I had no particular plan in my life. I didn’t plan to be Secretary of State. I was interested in economics, so I studied it. I got a job teaching at MIT, where I did my Ph.D. In the course of time, people offered me jobs of one kind or another, and usually I could tell in practically one minute whether I thought it was an interesting job. Most of the things that were offered to me I turned down. Every once in a while, something comes along, and you say, “this I gotta do.” When I was asked to go to Washington, and serve on President Eisenhower’s economic advisory staff, I said, “this is a good opportunity.” It was just a one year leave of absence from MIT. Then when I was invited to be a professor at the University of Chicago, I knew instantly that was a good thing for me to do, and so on. So one things leads to another, and you kind of evaluate them as you go. There’s lots of things you turn down, and there’s lots of experiences that probably would have been good for me. I’ve never been unemployed; I’ve never had to look for a job. I was always choosing among jobs that were in front of me, and it might have been a good thing to have to struggle a bit more.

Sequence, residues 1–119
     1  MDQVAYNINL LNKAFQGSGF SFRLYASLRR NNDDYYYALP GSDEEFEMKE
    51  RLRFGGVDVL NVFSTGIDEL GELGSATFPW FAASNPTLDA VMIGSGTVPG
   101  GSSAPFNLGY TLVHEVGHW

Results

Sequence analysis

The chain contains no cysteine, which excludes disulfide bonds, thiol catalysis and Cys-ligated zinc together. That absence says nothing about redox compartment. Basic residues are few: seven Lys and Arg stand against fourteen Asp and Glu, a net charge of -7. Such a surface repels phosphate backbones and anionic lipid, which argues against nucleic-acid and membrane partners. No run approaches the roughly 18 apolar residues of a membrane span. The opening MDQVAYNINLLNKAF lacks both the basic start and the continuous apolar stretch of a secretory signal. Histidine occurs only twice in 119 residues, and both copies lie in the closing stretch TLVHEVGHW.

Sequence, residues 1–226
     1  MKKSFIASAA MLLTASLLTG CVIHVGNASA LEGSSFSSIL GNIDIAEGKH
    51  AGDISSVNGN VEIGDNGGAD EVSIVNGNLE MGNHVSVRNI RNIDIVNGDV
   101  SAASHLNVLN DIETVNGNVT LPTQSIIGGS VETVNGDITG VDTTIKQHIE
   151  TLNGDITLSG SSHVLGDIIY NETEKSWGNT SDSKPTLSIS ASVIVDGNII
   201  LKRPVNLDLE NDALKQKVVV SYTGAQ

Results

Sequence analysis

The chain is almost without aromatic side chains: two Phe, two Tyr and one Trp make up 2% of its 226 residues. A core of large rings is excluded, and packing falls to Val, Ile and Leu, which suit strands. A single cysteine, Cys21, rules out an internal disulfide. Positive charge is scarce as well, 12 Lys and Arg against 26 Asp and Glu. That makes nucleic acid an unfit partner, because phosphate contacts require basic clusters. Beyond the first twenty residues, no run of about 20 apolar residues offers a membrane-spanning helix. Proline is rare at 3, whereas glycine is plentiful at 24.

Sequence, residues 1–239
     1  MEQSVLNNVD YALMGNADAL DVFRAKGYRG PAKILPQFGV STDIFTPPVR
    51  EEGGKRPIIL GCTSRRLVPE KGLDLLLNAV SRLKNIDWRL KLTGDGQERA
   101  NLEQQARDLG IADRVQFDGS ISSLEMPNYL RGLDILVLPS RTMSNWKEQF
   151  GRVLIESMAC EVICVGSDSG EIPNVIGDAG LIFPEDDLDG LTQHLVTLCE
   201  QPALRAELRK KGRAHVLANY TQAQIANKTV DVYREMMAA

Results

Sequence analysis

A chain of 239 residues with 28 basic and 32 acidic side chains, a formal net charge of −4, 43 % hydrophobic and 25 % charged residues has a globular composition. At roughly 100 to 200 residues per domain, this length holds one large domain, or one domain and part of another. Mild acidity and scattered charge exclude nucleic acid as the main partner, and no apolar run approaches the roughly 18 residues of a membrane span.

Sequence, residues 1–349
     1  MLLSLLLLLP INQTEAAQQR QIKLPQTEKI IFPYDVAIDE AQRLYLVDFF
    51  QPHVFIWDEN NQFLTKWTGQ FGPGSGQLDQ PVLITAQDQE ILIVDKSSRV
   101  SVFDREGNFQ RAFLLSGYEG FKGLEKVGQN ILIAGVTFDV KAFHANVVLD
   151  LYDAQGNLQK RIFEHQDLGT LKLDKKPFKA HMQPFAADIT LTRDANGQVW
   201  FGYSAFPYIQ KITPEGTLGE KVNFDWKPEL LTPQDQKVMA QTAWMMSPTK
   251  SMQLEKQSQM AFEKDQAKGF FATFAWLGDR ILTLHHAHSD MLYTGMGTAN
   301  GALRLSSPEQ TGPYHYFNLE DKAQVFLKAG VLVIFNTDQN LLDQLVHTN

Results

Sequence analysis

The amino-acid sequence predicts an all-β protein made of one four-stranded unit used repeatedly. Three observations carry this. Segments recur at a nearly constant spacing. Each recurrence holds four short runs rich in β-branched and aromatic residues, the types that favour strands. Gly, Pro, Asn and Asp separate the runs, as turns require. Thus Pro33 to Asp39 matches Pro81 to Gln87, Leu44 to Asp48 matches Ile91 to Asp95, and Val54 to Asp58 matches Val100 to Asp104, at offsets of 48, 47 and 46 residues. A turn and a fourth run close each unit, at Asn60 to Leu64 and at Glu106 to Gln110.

Student: What is the right way for our increasingly interlinked economies to be properly involved with each other, especially since there is so much political pressure to use any means to maintain economic growth?
Shultz: Well, countries want to grow, you want your country to grow. It provides a much better environment for you to get the kind of job you want, or if you don’t like it leave it, and you can get another job. So growth is good for people, by and large, everywhere. You have to think about the environment that you may be creating. There are some ways of growing that need to be curtailed, but by and large, economic growth is good for people, so countries want to have it.